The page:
Right now the way I see my rides this week is that, by changing the type of girth, I removed a significant irritation that had been hampering the mares' movements. With the removal of this constant discomfort both mares were free to notice everything else that was irritating them, my balance, my legs, and in particular, my hands and the bits I was using. Both mares are willing to put up with an occasional imbalance and awkward unspurred leg, but neither is willing to put up with any harshness with the bit. This is their priviledge, the bit is in THEIR mouths, and I want them to tell me if anything is wrong so I know I have to improve my riding. I do not view resistances as something to overcome or as something I have to train the horse out of. I rest secure in the knowledge that if the horses I ride resist me it means that AT THAT MOMENT my riding sucks. Badly. And you know something? The mares are always right, I am good enough so it may look like I am riding well, but the horses always know the truth and the mares, thankfully, are ever ready to tell me when I go wrong.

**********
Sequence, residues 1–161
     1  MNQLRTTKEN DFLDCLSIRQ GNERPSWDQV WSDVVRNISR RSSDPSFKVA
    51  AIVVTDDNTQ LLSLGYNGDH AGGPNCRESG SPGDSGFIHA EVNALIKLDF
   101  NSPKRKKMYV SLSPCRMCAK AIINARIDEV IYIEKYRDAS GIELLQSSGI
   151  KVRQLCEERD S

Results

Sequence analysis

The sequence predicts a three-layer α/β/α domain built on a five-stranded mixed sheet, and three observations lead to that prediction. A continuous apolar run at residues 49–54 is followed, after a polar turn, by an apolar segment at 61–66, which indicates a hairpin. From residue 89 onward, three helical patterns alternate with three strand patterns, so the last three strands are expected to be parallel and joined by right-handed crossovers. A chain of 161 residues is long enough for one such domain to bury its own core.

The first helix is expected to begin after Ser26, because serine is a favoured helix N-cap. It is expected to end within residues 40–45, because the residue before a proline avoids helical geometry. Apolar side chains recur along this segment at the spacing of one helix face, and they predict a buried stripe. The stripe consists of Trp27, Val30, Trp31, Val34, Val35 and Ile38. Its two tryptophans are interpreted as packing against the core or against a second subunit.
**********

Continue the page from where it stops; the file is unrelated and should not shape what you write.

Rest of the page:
So both mares are back to using the Wellep bit, they like this bit more than ANY other. When they want to they can play with the mouthpiece which relaxes their tongues, jaws, necks, and backs. When I take regular contact this bit stiffens into a good type of Mullen mouth, and when I relax my contact the mouthpiece releases totally, and the mares flex their jaws and happily relax all through their toplines. Maybe by the time I recover fully from this awful cold the mares will be happy enough with their tack so I can get some really good riding in. Good, relaxed forward striding walks, and relaxed trots that extend easily. Prompt soft halts from just a twitch or two of my little fingers, and nice smooth curves with good contact and properly swinging legs. A girl can dream. Sometimes it actually happens. I live with hope, I know I will get there when I finally do EVERYTING right.
You want to become a really good rider? Ride a sensitive mare. She will tell you about everything you do wrong in excrutiating detail. Listen to her, listen to every objection, do everything you can to get her willing consent to your aids. Don't try to wear her down so she will shut up. Don't keep nagging until she gives up in despair (or vigorously revolts.) Accept a sensitive mare as your best possible teacher, the teacher that will finally teach you how to do everything RIGHT. When a sensitive mare willingly strides forth with good contact with her nose in front of vertical, cheerfully obeying every aid promptly and correctly, then you know, for at least that moment, you are a good rider. You can trust her when she says that you are good, because the moment you do anything wrong she will tell you.
And she is always right.
Have a great ride!